The opposition of inclusion and rejection, situated within good and evil in Frankenstein and the creature, is another primary example of the mutation of binaries through the breakdown of boundaries. On his first discovery of evidence of humanity, a supposed blessing of the fire left by ‘wandering beggars’, he quickly ‘thrusts’ his hand ‘into the live embers’ only to unearth the harshness of the human inferno and see his ‘joy’ turn to a ‘cry of pain’. This is a very early metaphor for the creature’s attempt at inclusion in humanity, but he is burned through his ignorance of amorality. ‘How strange’ he reflects ‘that the same cause should produce such opposite effects’. The creature is intrinsically moral; he never once fights back, and maintains the belief that he is ‘the same cause’ as humanity and therefore can be part of it. The creature, however, is not part of the same cause. Humans are created from ‘nothing’ in a sense that they begin as an unimaginably small element and grow and develop, Frankenstein’s creature does not grow or develop, he is created out of chaos from mixed parts of other humans, and therefore he is not human and devoid of many human traits. Humans gain morality from experience but the creature already has innate knowledge as he is built from other humans who have already gained it; why else would he know instantly to eat berries and not branches or twigs?
Finally, Victor Frankenstein, like Faustus and Icarus, is the epitome of the hyper-ambitious man who seeks to transcend his corporeal imprisonment and reside in the realm of divine authority having attained absolute truth; he wishes to reject himself from humanity by escaping it. However, Victor is a man and will always be a man; he is tries not be a man by surpassing the laws of humanity and playing God, and is therefore punished with suffering through the death of loved ones and ultimately his own death. The creature, although he is built out of man, is not a man and so will never be accepted as one. However he exists (or at least tries to exist) in a man’s world (or at least a world entirely defined by the ideas of man). Therefore by trying to become part of it in wanting acceptance into the social life of men and wanting a woman (which is in the patriarchal society a man’s possession), he is committing the same illicit offence to transcend his place and is condemned to the same fate of his creator; death and suffering. Both Victor and the creature overstep the boundaries of whom they are and who they can be which break down binary oppositions and cause suffering.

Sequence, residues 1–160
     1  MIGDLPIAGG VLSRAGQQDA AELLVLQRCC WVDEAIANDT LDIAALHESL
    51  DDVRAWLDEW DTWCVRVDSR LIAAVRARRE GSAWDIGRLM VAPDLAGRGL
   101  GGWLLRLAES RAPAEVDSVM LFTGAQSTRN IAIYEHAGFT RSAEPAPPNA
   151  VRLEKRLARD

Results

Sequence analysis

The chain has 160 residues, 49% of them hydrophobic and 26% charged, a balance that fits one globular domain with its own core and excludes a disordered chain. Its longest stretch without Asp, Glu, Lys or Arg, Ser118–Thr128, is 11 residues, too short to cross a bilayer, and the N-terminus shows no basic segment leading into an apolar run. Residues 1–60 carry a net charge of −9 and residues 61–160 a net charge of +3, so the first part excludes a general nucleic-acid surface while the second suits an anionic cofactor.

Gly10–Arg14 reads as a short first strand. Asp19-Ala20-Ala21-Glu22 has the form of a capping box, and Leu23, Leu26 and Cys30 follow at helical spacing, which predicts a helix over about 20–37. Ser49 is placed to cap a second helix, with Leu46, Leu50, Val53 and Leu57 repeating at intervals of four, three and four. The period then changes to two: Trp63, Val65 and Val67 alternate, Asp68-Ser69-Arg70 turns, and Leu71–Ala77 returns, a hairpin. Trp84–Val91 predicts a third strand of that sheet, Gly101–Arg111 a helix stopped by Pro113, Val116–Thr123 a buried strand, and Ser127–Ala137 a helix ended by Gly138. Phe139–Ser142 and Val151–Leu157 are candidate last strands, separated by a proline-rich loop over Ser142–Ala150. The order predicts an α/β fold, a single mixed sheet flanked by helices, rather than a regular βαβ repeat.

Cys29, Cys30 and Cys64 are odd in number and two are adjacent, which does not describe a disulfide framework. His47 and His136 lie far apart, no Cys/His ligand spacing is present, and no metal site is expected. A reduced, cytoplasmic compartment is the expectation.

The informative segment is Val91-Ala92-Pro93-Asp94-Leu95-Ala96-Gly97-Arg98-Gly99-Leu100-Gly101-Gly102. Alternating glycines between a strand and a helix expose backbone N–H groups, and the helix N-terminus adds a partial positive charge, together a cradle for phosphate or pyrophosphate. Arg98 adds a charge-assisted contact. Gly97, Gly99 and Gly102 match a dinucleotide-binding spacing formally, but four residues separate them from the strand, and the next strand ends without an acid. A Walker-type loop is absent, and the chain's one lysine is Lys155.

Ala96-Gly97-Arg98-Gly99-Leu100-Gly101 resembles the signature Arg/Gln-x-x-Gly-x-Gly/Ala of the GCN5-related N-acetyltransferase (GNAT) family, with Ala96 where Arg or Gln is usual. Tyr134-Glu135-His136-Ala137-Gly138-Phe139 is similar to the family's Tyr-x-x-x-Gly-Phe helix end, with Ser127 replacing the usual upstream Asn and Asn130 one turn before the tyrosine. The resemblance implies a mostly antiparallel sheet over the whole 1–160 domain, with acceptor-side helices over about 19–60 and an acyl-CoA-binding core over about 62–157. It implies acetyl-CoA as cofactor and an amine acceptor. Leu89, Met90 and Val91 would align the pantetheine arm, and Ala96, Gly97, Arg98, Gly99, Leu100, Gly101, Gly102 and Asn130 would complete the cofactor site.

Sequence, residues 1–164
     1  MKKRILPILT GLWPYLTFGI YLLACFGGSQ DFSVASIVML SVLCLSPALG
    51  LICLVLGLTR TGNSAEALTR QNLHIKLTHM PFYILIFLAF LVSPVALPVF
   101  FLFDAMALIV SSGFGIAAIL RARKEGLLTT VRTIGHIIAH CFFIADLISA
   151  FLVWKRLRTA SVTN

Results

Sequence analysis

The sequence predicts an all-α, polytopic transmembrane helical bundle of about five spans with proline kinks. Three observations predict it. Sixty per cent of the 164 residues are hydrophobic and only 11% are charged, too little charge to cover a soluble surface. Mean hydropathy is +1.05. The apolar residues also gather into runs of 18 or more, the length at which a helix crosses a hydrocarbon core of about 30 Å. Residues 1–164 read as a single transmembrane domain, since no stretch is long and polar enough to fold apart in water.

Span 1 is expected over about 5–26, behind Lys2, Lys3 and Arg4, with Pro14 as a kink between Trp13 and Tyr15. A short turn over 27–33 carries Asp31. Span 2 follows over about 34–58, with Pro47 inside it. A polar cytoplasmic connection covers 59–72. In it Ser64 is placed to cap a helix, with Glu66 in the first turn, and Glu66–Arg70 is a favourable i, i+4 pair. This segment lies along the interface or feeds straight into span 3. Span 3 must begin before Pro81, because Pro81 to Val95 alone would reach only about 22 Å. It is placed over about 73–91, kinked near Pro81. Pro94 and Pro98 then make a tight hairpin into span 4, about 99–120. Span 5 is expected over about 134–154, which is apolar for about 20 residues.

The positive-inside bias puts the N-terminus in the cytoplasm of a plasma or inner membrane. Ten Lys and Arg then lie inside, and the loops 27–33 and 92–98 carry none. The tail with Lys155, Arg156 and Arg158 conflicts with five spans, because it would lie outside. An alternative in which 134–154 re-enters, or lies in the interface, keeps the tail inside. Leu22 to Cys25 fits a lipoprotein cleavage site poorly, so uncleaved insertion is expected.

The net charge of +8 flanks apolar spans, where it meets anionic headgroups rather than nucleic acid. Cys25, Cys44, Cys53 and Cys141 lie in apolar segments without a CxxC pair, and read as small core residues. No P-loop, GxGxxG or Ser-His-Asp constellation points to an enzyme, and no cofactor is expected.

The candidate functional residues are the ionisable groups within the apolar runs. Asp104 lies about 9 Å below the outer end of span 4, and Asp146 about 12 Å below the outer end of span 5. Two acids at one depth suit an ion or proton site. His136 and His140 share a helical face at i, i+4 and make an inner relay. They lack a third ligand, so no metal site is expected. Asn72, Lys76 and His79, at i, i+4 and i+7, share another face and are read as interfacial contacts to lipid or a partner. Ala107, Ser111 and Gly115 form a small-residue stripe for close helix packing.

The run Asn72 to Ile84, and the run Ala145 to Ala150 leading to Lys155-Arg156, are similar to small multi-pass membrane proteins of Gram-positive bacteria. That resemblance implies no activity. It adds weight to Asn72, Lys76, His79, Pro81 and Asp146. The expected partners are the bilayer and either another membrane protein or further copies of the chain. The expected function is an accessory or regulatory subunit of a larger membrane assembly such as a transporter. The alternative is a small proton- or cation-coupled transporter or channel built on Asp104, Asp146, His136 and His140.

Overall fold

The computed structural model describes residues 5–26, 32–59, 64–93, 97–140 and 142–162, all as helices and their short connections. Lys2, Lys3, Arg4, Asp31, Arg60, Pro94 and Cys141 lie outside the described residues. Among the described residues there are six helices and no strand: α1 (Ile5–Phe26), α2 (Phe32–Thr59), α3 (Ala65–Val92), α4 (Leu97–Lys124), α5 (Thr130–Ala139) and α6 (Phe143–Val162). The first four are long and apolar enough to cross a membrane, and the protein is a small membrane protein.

Derrida, Jacques. Of grammatology. Baltimore: Johns Hopkins University Press, 1976. 88
Eagleton, Terry Literary Theory: An Introduction Oxford: Blackwell Publishing, 2008
Eco, Umberto. The role of the reader: explorations in the semiotics of texts. Bloomington: 1984
Fuss, Diana. Human, all too human. New York: Routledge, 1996.
Nietzsche, F On Truth and Lies in a Nonmoral Sense, 1873 m in Rivkin and Ryan.
Saussure, Ferdinand de. Course in general linguistics. New York: Philosophical Library, 1959
Shelley, Mary Wollstonecraft, and J. Paul Hunter. Frankenstein: the 1818 text, contexts, nineteenth-century responses, modern criticism. New York: W.W. Norton, 1996.